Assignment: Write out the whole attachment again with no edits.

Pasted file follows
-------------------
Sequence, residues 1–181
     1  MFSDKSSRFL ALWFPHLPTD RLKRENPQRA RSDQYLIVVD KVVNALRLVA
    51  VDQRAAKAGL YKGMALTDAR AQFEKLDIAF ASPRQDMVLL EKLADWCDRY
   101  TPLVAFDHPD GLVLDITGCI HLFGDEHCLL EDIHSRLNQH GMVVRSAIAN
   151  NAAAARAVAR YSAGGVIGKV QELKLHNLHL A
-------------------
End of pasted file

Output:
Sequence, residues 1–181
     1  MFSDKSSRFL ALWFPHLPTD RLKRENPQRA RSDQYLIVVD KVVNALRLVA
    51  VDQRAAKAGL YKGMALTDAR AQFEKLDIAF ASPRQDMVLL EKLADWCDRY
   101  TPLVAFDHPD GLVLDITGCI HLFGDEHCLL EDIHSRLNQH GMVVRSAIAN
   151  NAAAARAVAR YSAGGVIGKV QELKLHNLHL A